Speak With Your Kids About Saving

Speak With Your Kids About Saving

There has been a lot of commotion in the media over the past decade about speaking with your kids when it comes to drugs. The media attention is definitely not without merit – such topics should be discussed in families in order to encourage a healthy understanding of the topic at hand and encourage children to make good decisions.

The truth of the matter is that at some point as parents you need to acknowledge the fact that your kids are going to make their own decisions - and the best thing that you can do to prepare them for such decisions is to give them the tools ahead of time to choose wisely. The same concerns finances. Many parents raise their kids and never talk to them about how to use credit cards or how bank accounts work in general or even how to write checks. Failure to do this as a parent could mean potentially setting up your child for financial failure at a later date in time.

Many people complain about how kids are no good with money these days – but how many can say that their parents actually took the time to sit down and explain how money really works? Many kids who end up getting in trouble with either creditors or banks are running into the financial game blind – they see a credit card and understand that using it can get them the items that they desire, but not understand the mechanics of paying it back or what a credit report is and why it’s so important. In order to avoid this and equip your kids for the “real world” as efficiently as possible, be sure to speak with your kids about saving.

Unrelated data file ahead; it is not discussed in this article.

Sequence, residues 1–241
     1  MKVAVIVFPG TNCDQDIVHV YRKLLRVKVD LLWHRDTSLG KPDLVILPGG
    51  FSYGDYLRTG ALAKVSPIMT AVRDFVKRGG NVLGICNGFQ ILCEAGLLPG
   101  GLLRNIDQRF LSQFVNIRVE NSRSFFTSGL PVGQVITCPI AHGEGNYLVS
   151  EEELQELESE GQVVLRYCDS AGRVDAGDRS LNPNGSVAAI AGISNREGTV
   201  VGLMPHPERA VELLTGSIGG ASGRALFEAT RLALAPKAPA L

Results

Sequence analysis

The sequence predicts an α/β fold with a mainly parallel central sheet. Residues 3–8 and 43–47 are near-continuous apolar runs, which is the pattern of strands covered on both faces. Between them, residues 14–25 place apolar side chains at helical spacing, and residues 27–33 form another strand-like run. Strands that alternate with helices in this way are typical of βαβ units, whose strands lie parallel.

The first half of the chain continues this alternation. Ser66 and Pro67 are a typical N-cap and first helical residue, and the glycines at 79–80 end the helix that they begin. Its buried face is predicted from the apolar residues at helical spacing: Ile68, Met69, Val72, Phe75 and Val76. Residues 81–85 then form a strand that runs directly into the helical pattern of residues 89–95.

Make sure that they understand what credit cards actually do, and what the difference is between a checking and a savings account is. There are thousands of teenagers out there who don’t know this very important information – and, again, many don’t even know how to write checks. Being able to understand how money works is one of the most important skills that a budding adult can possess, and it can save them (and you!) thousands of dollars in debt and headaches.

Most teenagers are not inherently stupid – but many do enter into the financial game without knowing all of the rules. It helps to have a “financial night” with your family every so often when the kids are young. Try to educate them about how bank accounts work and why it’s important to be able to pay off your credit cards and keep a solid financial record. You can even make it fun – try playing Monopoly or other money-related games in order to get everybody into the mood and set the stage for money talks. You’ll be glad you did when your kids are off to a solid financial start when they get their independence!

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